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The reviews for Pirates of the Caribbean: Dead Men Tell No Tales are in — and they aren’t pretty.
In 2003, Disney debuted a fictitious world based on a theme-park ride, with Pirates of the Caribbean: Curse of the Black Pearl earning positive reviews and grossing $654 million worldwide. The second and third installments also received praise, but the series took a turn with the fourth installment, giving an impetus for a new direction for the upcoming fifth film.
In the latest movie, directed by Joachim Ronning and Espen Sandberg, Disney tries to reinvigorate the franchise by bringing back not only Johnny Depp, but also Orlando Bloom and Geoffrey Rush along with series newcomers Javier Bardem, Brenton Thwaites and Kaya Scodelario.
In the pic, Captain Jack Sparrow (Depp) finds himself on the run again from a cursed set of pirates, Captain Armando Salazar (Bardem) and his crew. This time, he is joined by a new generation of pirates, Carina Smyth (Scodelario) and Henry Turner (Thwaites) to recover the Trident of Poseidon and save Henry’s father Will (Bloom) from the destiny of Davy Jones’ ship.
However, even with the return of Captain Jack, The Hollywood Reporter’s John DeFore found the film doesn’t live up to the level of the original. He wrote in his review that “a very high bar was set the first go-round” with the first Pirates movie. With a plot that sees the son of Bloom and Keira Knightley’s characters teaming with an orphan, “you might well label it Pirates: The Next Generation.”
Continued DeFore: “But unlike the Star Trek franchise-extender, this one is nowhere near bold enough to think it can dispense with its aging protagonist: Johnny Depp’s cartoonishly louche Keith Richards-meets-Hunter Thompson pirate Jack Sparrow, the globally recognized caricature who by now feels (appropriately) more like a theme-park mascot than a Hollywood swashbuckler.”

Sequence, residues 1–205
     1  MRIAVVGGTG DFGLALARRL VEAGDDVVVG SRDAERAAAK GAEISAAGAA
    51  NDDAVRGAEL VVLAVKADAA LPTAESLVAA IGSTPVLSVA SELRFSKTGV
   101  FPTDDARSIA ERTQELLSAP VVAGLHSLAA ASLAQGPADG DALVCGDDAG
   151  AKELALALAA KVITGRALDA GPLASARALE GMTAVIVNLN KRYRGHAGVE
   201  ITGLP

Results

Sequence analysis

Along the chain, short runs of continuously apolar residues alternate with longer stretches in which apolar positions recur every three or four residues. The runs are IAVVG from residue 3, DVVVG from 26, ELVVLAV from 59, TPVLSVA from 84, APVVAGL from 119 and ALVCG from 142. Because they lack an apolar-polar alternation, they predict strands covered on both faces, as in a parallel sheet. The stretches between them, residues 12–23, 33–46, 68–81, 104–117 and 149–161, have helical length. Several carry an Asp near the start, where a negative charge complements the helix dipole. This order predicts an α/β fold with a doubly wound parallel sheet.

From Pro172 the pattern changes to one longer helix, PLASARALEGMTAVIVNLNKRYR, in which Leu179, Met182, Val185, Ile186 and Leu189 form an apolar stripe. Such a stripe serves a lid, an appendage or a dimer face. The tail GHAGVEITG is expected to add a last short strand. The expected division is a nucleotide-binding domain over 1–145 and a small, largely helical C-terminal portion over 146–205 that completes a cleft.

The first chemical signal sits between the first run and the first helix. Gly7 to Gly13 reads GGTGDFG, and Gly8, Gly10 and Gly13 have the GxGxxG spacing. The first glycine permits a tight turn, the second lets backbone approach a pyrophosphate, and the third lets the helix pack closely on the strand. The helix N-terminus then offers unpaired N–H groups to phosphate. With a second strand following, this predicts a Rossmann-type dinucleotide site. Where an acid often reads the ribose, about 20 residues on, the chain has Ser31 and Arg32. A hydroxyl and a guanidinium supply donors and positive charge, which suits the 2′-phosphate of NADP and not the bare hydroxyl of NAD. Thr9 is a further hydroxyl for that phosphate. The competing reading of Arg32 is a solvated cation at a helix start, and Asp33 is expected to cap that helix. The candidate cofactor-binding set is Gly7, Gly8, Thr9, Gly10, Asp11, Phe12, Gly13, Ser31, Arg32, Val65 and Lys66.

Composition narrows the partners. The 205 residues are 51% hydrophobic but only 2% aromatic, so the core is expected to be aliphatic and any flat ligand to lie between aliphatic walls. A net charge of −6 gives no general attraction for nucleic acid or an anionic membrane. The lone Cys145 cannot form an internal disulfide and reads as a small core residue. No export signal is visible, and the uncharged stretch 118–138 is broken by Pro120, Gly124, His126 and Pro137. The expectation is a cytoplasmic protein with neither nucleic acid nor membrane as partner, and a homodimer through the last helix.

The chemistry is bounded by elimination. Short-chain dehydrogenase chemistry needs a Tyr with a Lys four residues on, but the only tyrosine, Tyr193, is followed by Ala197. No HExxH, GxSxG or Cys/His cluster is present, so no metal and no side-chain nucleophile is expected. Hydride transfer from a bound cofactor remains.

The new movie’s storyline, based on yet another curse-themed adventure at sea, also received mixed response from critics.
Mike McCahill of The Guardian found the film lacked “new ideas” and the “cracks in the hull become unignorable.”
He added: “Orlando Bloom has pleaded for reduced participation, handing his sextant to on-screen offspring Brenton Thwaites; Skins alumna Kaya Scodelario inherits Keira Knightley’s corsets. The series, in other words, has entered its Muppet Babies or Scrappy-Doo phase, with all the pop-cultural heft that implies.”
Jack Shepard of The Independent wrote in a two out of five-star review that the film fails to make an impression: “Unfortunately, like Salazar’s ship, the fifth Pirates feels a little empty, haunted by the spectre of what came before. There are fun, inconsequential moments but nothing particularly memorable, the film running out of steam midway through as the aforementioned flashbacks take over.”
Forbes’ Scott Mendelson wrote that the new plot didn’t differentiate itself much from the original, but he did find some things to praise.
“No, the world didn’t need a fifth Pirates of the Caribbean movie. Dead Men Tell No Tales doesn’t quite measure up to the gloriously gonzo original trilogy. But it still makes its mark as a grounded adventure, or as grounded as a supernatural pirate movie can be,” wrote Mendelson. “If this is the start of a new series, it is a step in the right direction. If it indeed acts as a series finale as promised, then the franchise can exit stage left with honor. Best of all, this fifth offering allows viewers to forget that On Stranger Tides ever happened.”
The ghostly villains and haunted ship seemed to work for Brian Truitt of USA Today, who had praise for the film in a three out of four-star review. “The most important lesson from the new Pirates of the Caribbean? Ghost sharks should have been added a long time ago.”
He added: “After three movies of diminishing quality and a wholly forgettable fourth chapter, Disney’s buccaneer-filled franchise rights the ship.”
Pirates of the Caribbean: Dead Men Tell No Tales opens Friday.
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